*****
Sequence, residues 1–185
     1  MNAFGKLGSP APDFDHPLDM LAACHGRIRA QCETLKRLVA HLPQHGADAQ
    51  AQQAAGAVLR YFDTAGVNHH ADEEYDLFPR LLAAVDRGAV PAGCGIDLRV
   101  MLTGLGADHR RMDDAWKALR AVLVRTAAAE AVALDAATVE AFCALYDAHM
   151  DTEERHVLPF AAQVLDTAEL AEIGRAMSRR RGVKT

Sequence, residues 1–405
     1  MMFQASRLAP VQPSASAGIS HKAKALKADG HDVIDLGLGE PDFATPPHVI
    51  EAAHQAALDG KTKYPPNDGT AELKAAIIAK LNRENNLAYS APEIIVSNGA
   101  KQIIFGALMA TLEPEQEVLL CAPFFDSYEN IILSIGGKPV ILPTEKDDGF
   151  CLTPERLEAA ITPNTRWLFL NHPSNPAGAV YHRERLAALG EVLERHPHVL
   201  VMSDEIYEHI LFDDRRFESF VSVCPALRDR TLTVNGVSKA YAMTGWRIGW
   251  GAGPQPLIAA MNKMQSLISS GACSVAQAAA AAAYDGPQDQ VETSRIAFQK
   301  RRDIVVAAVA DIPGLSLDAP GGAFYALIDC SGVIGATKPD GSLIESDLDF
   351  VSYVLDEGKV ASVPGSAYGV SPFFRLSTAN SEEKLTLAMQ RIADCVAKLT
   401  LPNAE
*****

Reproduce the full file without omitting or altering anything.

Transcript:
Sequence, residues 1–185
     1  MNAFGKLGSP APDFDHPLDM LAACHGRIRA QCETLKRLVA HLPQHGADAQ
    51  AQQAAGAVLR YFDTAGVNHH ADEEYDLFPR LLAAVDRGAV PAGCGIDLRV
   101  MLTGLGADHR RMDDAWKALR AVLVRTAAAE AVALDAATVE AFCALYDAHM
   151  DTEERHVLPF AAQVLDTAEL AEIGRAMSRR RGVKT

Sequence, residues 1–405
     1  MMFQASRLAP VQPSASAGIS HKAKALKADG HDVIDLGLGE PDFATPPHVI
    51  EAAHQAALDG KTKYPPNDGT AELKAAIIAK LNRENNLAYS APEIIVSNGA
   101  KQIIFGALMA TLEPEQEVLL CAPFFDSYEN IILSIGGKPV ILPTEKDDGF
   151  CLTPERLEAA ITPNTRWLFL NHPSNPAGAV YHRERLAALG EVLERHPHVL
   201  VMSDEIYEHI LFDDRRFESF VSVCPALRDR TLTVNGVSKA YAMTGWRIGW
   251  GAGPQPLIAA MNKMQSLISS GACSVAQAAA AAAYDGPQDQ VETSRIAFQK
   301  RRDIVVAAVA DIPGLSLDAP GGAFYALIDC SGVIGATKPD GSLIESDLDF
   351  VSYVLDEGKV ASVPGSAYGV SPFFRLSTAN SEEKLTLAMQ RIADCVAKLT
   401  LPNAE